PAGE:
House in Ropponmatsu by Kazunori Fujimoto
Architect & Associates

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House in Ropponmatsu by Kazunori Fujimoto

Japanese firm Kazunori Fujimoto Architect & Associates have completed a concrete house in Fukuoka that resembles a half-submerged submarine.

House in Ropponmatsu by Kazunori Fujimoto

House in Ropponmatsu has an L-shaped profile, with the first and second storeys set back so as not to overshadow neighbouring properties.

House in Ropponmatsu by Kazunori Fujimoto

Outward-facing windows were rejected on the ground floor of the bunker-like house in favour of glazed walls that overlook two enclosed courtyards.

House in Ropponmatsu by Kazunori Fujimoto

Instead, the only outwardly visible windows are placed at the top of the three-storey turret, which resembles a conning tower.

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House in Ropponmatsu by Kazunori Fujimoto

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House in Ropponmatsu by Kazunori Fujimoto

Photography is by Kazunori Fujimoto.

Here are some more details from the architect:


House in Ropponmatsu

 

This house is located in the city area near by the center of Fukuoka city. The shape of the site is long and narrow, 6m x 18m.

House in Ropponmatsu by Kazunori Fujimoto

We designed this house not to make the shade on the north house next door, as a result, the house with three floors shaped like ''L''.

House in Ropponmatsu by Kazunori Fujimoto

In contrast to closed outside like a silent sculptural volume, the interior is designed well-lighted and well-opened.

House in Ropponmatsu by Kazunori Fujimoto

At the ground floor level, we can look whole the long distance of the site through from entrance court to bedroom.

House in Ropponmatsu by Kazunori Fujimoto

Each room is filled with light and breeze from the two courts.

House in Ropponmatsu by Kazunori Fujimoto

The storage and bathroom are placed in the second floor, and another bedroom is in the third floor.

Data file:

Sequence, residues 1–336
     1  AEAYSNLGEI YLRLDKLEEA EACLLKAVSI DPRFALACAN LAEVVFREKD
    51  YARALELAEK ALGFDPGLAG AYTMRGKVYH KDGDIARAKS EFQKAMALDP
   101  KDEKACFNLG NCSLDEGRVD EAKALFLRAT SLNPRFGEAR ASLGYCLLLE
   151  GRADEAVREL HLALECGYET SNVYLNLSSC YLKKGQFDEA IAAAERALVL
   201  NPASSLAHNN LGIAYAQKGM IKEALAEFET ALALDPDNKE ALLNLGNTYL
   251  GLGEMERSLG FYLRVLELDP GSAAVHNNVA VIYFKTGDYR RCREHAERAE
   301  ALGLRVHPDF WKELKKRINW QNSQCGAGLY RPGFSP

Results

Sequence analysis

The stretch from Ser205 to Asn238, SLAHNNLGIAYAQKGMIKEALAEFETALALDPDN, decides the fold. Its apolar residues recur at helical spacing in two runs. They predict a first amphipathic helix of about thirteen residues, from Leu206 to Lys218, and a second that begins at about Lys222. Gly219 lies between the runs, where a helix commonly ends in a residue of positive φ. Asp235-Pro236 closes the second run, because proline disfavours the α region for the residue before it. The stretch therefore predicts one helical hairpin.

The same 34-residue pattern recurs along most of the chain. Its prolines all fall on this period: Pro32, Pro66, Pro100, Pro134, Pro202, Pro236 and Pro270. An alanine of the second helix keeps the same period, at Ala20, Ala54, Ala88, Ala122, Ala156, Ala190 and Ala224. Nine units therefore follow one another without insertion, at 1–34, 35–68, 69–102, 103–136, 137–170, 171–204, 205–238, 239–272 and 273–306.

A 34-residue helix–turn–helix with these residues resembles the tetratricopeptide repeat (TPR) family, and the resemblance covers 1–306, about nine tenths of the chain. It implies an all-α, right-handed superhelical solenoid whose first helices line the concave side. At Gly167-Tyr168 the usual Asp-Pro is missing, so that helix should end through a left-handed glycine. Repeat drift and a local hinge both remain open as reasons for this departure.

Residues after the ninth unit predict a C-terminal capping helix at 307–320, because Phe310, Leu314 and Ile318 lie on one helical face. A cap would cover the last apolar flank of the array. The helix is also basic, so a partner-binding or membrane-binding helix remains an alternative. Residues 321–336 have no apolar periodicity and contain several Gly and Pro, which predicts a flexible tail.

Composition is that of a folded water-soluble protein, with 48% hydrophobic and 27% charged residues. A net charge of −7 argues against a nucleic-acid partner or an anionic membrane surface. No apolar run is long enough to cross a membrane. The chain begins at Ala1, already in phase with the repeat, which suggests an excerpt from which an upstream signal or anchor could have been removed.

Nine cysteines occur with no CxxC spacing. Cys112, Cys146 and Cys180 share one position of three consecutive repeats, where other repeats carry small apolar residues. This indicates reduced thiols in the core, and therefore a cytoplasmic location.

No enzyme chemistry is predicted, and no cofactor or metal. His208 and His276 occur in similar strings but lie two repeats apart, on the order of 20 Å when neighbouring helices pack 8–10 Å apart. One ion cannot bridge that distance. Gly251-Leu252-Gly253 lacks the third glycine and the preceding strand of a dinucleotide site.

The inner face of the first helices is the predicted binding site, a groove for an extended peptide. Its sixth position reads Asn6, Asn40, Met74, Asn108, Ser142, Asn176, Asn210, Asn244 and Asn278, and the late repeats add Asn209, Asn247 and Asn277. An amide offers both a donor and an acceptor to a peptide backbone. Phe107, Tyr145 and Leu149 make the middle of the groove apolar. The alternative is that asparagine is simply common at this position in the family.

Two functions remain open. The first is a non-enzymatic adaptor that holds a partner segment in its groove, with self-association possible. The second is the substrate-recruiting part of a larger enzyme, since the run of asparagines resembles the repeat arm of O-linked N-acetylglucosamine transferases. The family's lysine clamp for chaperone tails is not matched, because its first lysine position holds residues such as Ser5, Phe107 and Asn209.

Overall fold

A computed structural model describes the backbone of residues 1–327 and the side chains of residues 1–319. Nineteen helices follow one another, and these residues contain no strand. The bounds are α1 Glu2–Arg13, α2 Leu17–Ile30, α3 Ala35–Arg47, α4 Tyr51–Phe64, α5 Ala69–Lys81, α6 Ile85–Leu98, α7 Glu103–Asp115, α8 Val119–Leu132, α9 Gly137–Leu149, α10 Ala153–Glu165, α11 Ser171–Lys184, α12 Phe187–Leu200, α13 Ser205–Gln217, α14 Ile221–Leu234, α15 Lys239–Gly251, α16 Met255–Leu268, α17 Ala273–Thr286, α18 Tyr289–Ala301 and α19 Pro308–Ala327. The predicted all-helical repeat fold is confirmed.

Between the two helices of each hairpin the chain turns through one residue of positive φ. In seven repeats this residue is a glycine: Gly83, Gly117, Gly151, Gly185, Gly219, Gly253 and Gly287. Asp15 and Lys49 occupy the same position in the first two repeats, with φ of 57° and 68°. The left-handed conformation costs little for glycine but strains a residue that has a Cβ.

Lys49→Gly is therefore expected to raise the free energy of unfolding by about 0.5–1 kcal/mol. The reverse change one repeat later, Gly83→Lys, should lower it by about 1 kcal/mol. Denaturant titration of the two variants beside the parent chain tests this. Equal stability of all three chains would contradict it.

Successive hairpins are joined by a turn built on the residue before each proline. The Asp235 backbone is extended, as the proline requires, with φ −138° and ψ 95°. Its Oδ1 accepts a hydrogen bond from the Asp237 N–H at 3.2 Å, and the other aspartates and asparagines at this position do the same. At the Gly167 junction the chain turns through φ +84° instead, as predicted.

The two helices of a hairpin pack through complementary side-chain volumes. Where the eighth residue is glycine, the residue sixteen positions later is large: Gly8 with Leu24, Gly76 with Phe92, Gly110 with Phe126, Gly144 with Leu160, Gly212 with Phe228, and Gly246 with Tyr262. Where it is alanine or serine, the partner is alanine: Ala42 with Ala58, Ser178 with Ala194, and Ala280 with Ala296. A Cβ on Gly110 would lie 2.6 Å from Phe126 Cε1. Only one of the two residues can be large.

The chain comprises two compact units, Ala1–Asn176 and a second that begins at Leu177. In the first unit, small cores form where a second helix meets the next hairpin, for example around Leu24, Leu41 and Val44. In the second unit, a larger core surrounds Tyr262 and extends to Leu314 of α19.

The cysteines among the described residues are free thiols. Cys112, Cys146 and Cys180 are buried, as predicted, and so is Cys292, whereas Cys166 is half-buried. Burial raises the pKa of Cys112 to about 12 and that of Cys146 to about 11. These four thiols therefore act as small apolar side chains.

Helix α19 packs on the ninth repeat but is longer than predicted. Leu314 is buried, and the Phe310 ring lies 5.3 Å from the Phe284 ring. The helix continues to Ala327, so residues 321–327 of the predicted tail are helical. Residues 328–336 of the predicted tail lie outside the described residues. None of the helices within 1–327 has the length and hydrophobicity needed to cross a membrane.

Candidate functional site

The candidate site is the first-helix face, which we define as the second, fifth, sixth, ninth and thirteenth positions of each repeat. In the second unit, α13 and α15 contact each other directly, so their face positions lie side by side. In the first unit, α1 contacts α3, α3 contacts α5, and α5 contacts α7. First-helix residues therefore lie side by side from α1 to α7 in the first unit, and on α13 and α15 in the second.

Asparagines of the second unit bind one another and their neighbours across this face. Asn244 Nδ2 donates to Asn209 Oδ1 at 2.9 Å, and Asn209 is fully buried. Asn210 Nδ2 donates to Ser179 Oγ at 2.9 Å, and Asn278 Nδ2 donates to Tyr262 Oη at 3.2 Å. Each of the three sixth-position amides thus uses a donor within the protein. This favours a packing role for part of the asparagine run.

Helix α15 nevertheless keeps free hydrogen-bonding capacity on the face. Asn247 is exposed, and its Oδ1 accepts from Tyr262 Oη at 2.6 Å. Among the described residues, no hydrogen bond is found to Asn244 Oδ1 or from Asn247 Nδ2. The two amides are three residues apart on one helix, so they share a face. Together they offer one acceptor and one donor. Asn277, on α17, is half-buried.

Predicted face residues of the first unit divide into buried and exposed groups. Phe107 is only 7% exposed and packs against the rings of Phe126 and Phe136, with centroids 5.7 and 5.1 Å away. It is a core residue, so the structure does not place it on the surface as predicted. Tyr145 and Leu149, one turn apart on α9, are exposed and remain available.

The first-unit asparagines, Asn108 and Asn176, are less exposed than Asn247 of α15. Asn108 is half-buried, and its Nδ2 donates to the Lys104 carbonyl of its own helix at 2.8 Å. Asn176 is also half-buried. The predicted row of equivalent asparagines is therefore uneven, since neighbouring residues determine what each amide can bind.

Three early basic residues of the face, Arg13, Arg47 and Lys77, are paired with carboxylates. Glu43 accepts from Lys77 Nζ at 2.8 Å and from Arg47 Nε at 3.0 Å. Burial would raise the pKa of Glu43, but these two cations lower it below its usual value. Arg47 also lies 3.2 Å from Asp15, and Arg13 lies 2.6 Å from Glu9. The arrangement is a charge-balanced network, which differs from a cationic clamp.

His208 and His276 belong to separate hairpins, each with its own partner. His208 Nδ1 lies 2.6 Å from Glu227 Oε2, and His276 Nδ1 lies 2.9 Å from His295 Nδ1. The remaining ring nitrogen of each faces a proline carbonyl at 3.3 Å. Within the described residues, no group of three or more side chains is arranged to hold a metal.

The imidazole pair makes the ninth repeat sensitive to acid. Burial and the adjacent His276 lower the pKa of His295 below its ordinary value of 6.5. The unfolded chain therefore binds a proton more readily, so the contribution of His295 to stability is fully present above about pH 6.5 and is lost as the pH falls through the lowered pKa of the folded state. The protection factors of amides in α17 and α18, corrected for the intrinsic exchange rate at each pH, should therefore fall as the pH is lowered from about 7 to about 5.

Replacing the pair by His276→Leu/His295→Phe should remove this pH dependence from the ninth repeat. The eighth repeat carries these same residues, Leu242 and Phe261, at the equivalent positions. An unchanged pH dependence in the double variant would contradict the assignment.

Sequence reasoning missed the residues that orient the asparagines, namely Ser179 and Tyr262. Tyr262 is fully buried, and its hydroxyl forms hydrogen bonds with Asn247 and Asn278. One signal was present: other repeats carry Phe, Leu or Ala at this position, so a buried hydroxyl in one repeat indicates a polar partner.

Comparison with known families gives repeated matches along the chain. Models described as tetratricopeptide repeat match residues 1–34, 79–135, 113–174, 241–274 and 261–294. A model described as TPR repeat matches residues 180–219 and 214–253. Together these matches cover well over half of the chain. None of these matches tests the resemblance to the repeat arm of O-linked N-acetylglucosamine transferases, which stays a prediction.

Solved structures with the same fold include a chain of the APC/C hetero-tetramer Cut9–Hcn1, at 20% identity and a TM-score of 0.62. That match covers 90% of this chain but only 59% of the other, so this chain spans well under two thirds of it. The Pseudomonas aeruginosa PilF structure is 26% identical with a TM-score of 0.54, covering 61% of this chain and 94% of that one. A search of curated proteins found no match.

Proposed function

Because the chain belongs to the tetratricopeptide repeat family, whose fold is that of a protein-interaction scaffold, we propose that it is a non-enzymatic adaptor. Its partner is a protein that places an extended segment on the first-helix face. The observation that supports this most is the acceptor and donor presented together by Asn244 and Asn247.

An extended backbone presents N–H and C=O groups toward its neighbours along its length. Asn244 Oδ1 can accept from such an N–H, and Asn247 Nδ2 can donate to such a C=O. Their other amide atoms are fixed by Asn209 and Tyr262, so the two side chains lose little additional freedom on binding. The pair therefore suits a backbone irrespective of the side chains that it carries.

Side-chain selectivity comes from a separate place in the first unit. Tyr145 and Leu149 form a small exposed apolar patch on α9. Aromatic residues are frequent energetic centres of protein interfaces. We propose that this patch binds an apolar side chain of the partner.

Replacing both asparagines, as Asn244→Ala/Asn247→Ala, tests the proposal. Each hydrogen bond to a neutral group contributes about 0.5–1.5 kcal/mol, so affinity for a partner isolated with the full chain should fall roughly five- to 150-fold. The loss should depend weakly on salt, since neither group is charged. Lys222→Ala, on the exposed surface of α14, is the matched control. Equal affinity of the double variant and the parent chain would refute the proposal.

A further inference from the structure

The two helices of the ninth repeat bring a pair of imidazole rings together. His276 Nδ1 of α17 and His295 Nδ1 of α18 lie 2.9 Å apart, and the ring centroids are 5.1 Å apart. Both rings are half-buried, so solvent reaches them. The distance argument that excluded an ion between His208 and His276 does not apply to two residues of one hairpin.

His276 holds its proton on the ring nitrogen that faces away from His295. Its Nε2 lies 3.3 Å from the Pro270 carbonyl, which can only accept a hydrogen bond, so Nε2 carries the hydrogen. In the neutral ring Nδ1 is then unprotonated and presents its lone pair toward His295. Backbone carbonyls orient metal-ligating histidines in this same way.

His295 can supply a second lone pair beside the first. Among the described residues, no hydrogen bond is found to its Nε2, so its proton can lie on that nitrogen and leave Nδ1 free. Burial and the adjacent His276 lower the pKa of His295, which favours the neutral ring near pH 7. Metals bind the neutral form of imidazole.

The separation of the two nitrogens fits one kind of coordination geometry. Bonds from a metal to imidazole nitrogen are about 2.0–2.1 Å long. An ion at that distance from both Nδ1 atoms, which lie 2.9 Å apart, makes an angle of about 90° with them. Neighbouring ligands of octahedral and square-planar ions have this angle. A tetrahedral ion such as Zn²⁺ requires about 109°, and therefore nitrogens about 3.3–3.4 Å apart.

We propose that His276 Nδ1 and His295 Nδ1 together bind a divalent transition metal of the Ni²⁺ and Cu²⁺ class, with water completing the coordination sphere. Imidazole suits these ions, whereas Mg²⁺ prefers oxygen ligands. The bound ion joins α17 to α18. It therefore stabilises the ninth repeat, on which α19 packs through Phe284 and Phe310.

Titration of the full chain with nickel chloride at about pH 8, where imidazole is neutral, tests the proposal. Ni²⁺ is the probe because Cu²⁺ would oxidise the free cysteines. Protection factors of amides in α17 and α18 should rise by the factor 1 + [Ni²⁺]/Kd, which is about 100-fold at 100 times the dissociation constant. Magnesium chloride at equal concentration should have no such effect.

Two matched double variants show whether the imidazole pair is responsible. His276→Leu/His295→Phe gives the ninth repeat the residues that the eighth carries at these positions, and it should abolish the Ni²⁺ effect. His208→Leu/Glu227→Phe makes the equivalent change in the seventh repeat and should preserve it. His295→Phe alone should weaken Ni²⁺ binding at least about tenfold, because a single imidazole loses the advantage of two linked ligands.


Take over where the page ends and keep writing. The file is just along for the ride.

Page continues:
House in Ropponmatsu by Kazunori Fujimoto

At third floor level, keeping a distance from the road, we can get wide range of view, from near the garden tree in the next door, to the faraway mountains.

House in Ropponmatsu by Kazunori Fujimoto

The simple form, found by the condition of the site, has been transformed into an affluent space for living.

House in Ropponmatsu by Kazunori Fujimoto

Location: Fukuoka, Japan
Main use: house

House in Ropponmatsu by Kazunori Fujimoto

Site area: 121m2
Building area: 71.99m2
Total floor area: 99.16m2
Design term: 2010
Construction term: 2011

House in Ropponmatsu by Kazunori Fujimoto

Click above for larger image

House in Ropponmatsu by Kazunori Fujimoto

Click above for larger image

House in Ropponmatsu by Kazunori Fujimoto

Click above for larger image

House in Ropponmatsu by Kazunori Fujimoto

Click above for larger image

House in Ropponmatsu by Kazunori Fujimoto

Click above for larger image

  • psycho killer

    it's looks like a tanker or a submarine…

  • http://www.facebook.com/jrodriguez64 Juan Rodriguez

    Horrible, submarino o panteon :(

  • Fluid

    pretty depressing

  • Jez

    depressive… I like minimalism, but this is too much for me…

  • guest

    Or jail.

  • http://www.dailygrail.com Red Pill Junkie

    They will have to decorate this house with very colorful and dynamic furniture in order to infuse some life into it.

  • wasguy

    I say it again – I’m glad I don’t live in Japan

  • http://www.deloprojet.com delo

    This is a good space for to work, not for live.